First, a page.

FIG. 3 is a graph depicting mice caught once and mice caught multiple times in a field trial.
FIG. 4 is a graph depicting relative use of the enclosures of the invention by month.
FIG. 5 is a graph comparing the number of nymphs per mouse in treated versus untreated plots.
FIG. 6 is a graph comparing the number of larvae per mouse in treated versus untreated plots.
FIG. 7 is a graph depicting the percent of sites with larvae in treated and untreated areas.
FIG. 8 is graph depicting the monthly incidence of spirochete infection in treated versus untreated areas.
FIG. 9 is a graph comparing the incidence of spirochete infection in young mice between treated and untreated areas.
FIG. 10 is a top view showing an open apparatus according to the present invention with the top fully open.
FIG. 11 is a side view of the FIG. 10 apparatus showing the arrangement with the top in a nearly closed condition.
FIG. 12 is a detailed perspective view of an applicator useful in the apparatus of FIGS. 10 and 11.
The present invention provides a method of controlling ectoparasites of small rodents comprising providing one or more enclosures of appropriate size to such rodents, the enclosures having one or more peripheral openings allowing entry and egress of rodents, the enclosure including at least one applicator arranged to contact a rodent; providing a composition comprising an ectoparasiticide on the applicator; and placing one or more enclosures in a locus where the rodents are expected, wherein the applicator is arranged and the composition is provided to apply an effective amount of the composition to the skin or hair of the rodent upon contact with the applicator.
The method of the present invention is useful for the control of arthropods that are vectors of diseases such as Lyme disease, Rocky Mountain Spotted Fever, Ehrlichiosis or Babesiosis. In particular, the present invention is useful for control of ticks of the genus Ixodes, including I. scapularis, I. pacificus, I spinipalpis, Dermacentor variabilis and D. andersoni. The present invention is effective in arresting the transmission of an infective agent such as Borrelia burgdorferi from the treated rodent to another mammal such as a deer, mouse, chipmunk or human. In a preferred embodiment the treated rodent is a mouse (e.g., Peromyscus spp.) especially the white-footed mouse, P. leocopus, rat (e.g., Rattus spp. or Neotoma spp.), chipmunk (e.g., Tamias spp.), vole (e.g., Microtus spp.) or squirrel (e.g., Sciurus spp., Tamiasciurus spp. or Spermophilus spp).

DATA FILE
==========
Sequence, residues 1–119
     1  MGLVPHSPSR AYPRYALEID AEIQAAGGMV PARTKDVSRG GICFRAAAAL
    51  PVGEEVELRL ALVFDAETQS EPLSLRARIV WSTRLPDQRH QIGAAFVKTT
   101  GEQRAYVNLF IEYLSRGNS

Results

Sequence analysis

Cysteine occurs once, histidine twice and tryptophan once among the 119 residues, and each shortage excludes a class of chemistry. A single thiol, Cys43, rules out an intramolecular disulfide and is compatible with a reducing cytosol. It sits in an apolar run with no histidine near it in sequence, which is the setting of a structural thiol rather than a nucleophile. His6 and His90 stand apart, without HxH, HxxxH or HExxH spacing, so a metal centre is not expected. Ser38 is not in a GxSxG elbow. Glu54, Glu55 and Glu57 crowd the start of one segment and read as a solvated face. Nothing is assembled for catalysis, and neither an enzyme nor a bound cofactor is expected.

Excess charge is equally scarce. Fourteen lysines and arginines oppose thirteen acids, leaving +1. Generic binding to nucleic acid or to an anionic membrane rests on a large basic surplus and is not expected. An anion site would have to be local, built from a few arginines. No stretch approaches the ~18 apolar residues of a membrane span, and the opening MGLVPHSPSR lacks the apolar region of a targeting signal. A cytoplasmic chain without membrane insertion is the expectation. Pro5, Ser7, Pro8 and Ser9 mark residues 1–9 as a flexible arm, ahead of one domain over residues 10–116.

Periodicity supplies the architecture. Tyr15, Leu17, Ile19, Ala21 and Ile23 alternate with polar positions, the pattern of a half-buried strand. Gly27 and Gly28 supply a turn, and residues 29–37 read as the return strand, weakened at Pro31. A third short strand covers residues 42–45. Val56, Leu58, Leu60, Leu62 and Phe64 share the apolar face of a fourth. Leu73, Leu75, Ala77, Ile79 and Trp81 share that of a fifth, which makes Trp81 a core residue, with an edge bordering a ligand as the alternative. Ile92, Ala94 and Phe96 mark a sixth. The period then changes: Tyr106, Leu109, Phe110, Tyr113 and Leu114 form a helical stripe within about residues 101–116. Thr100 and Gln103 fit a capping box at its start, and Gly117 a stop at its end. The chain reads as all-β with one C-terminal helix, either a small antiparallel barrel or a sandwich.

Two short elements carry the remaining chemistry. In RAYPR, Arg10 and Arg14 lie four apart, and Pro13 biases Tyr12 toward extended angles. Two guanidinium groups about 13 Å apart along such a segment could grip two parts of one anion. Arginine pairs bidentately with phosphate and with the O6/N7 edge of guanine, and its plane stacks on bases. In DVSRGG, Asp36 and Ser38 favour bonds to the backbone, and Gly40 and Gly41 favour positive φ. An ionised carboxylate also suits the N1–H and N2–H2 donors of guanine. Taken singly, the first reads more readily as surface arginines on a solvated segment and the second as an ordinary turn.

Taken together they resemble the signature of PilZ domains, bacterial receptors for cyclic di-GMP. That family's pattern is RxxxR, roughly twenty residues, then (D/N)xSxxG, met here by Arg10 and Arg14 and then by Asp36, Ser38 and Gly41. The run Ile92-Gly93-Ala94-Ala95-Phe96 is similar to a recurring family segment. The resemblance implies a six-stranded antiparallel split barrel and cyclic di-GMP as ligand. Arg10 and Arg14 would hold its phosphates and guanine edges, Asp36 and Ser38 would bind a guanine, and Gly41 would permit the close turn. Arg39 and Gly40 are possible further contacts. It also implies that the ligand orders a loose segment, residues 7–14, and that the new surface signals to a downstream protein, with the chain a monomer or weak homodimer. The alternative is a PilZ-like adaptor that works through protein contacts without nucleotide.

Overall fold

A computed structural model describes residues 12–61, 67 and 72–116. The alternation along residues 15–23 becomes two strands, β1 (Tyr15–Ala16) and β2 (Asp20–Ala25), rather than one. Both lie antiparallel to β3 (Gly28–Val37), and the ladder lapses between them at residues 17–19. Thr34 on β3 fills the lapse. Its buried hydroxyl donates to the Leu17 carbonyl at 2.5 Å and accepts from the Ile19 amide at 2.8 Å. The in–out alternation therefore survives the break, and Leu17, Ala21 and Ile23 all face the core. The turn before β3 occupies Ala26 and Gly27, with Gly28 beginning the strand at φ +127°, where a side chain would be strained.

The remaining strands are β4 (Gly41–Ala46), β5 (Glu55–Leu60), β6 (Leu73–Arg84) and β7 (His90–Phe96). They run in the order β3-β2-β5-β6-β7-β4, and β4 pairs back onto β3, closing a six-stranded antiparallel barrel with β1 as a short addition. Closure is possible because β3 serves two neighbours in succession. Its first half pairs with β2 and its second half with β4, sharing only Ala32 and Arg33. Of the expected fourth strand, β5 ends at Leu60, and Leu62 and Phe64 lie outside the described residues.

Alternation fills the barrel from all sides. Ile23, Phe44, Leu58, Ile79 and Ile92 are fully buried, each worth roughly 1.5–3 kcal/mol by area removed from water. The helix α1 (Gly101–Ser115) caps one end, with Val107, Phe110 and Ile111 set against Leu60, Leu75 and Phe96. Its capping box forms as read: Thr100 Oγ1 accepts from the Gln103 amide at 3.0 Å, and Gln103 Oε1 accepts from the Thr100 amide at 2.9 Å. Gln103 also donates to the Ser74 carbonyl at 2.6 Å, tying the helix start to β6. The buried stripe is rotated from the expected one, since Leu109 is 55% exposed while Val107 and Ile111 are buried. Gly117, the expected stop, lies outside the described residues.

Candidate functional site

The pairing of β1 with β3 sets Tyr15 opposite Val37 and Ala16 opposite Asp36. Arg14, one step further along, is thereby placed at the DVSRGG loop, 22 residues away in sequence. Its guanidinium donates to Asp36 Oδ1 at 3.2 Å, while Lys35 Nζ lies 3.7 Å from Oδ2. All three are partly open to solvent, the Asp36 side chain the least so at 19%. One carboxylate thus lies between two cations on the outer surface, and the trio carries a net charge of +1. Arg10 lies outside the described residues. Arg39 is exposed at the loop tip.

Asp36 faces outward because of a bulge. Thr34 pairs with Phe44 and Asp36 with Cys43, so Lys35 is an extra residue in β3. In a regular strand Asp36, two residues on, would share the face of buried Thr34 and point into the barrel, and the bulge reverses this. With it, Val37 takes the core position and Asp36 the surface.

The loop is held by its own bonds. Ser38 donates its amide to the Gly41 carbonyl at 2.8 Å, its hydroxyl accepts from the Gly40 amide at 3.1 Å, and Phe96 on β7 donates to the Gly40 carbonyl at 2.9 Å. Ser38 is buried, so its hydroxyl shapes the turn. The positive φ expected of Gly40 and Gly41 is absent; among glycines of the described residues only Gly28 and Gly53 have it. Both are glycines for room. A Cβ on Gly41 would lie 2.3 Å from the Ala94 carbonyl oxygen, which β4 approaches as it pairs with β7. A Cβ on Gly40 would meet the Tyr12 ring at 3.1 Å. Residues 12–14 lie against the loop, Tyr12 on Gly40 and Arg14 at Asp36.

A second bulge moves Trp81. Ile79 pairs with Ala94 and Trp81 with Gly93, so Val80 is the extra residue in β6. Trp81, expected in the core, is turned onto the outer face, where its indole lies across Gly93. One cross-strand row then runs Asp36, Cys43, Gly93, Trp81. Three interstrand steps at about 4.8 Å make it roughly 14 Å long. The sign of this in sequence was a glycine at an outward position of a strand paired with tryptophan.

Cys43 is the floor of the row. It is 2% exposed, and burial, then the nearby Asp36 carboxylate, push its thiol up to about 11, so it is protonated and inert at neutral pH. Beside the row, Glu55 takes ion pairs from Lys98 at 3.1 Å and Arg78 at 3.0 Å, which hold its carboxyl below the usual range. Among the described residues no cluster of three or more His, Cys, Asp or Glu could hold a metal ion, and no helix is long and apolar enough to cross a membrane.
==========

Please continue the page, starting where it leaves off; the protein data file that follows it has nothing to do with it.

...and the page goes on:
Ectoparasiticides are known to those of ordinary skill in the art and are commercially available. A preferred ectoparasiticide according to the present invention is a compound of formula (I):
The alkyl and alkoxy groups of the formula (I) are preferably lower alkyl and alkoxy groups, that is, radicals having one to four carbon atoms. The haloalkyl and haloalkoxy groups likewise preferably have one to four carbon atoms. The haloalkyl and haloalkoxy groups can bear one or more halogen atoms; preferred groups of this type include —CF3 and —OCF3.
Preferably, the 1-arylpyrazole has the following substitution: R1 is CN; and/or R4 is —NR5R6; and/or R5 and R6 are independently H, alkyl, haloalkyl, —C(O)alkyl, or —C(O)OR7; and/or X is C—R12; and/or R13 is halo, haloalkyl, haloalkoxy, or —SF5.